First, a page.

Sizing: With the exception of pieces of gear such as helmets, the vast majority of heated motorcycle gear is designed to be worn over or under other non-heated garments and gear. Consequently, we often recommend opting for a size down or a size up from your normal sizing if you plan on wearing heated moto gear as an underlying base layer or overlying shell. 

Power Source: Heated pieces of motorcycle riding gear tend to either draw from their own dedicated battery pack or are hardwired to the motorcycle’s battery. Traditionally, heated pieces of moto riding gear have all been wired, though as battery technology advances and cells become smaller and more potent, we’ve seen a growing number of wireless piece of heated moto gear items that boast their own onboard battery packs.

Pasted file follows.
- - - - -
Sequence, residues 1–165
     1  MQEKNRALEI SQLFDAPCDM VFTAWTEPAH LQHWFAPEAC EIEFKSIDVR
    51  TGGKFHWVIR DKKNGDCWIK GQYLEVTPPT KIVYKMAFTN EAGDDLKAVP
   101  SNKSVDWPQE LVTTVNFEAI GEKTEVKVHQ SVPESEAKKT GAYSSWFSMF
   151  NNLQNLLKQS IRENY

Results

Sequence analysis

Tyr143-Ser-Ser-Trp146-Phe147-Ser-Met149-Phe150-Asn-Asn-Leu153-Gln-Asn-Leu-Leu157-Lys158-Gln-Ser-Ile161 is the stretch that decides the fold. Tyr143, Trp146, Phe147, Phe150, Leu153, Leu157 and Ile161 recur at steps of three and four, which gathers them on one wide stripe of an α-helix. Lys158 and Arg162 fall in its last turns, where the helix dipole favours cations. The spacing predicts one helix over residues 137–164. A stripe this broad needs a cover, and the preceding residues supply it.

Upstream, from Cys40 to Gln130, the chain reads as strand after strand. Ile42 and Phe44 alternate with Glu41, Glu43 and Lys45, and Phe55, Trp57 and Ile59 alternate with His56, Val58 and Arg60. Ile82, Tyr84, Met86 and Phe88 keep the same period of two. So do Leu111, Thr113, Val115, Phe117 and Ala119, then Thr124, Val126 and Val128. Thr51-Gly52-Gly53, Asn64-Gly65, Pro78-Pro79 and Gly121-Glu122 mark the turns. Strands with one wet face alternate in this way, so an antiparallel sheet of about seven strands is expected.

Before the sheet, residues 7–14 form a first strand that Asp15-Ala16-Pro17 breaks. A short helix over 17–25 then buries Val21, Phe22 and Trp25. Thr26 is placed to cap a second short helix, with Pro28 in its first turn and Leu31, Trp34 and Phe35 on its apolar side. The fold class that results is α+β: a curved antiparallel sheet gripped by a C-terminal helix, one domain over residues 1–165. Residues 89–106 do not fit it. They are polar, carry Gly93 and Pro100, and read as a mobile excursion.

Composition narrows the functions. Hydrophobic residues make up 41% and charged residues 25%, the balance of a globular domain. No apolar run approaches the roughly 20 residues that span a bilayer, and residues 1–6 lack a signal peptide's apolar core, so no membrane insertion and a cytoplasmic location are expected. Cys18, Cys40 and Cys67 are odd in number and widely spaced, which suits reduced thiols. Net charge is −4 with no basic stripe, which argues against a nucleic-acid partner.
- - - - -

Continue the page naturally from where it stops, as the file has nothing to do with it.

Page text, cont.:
Materials: Just like buying any piece of motorcycle gear, the materials and construction used are crucial areas to take into account, as these factors will play an enormous roe in an item’s overall quality and durability. It’s also worth exploring the construction ton technique used to piece any material together.

Warmth & Insulation: While the heated elements inside of heated pieces of riding gear play a major role in an item’s overall warmth, it’s still worth looking into other factors that impact overall warmth such as insulation or the item’s shell — the latter of which will often determine an item’s ability to stand up to the elements.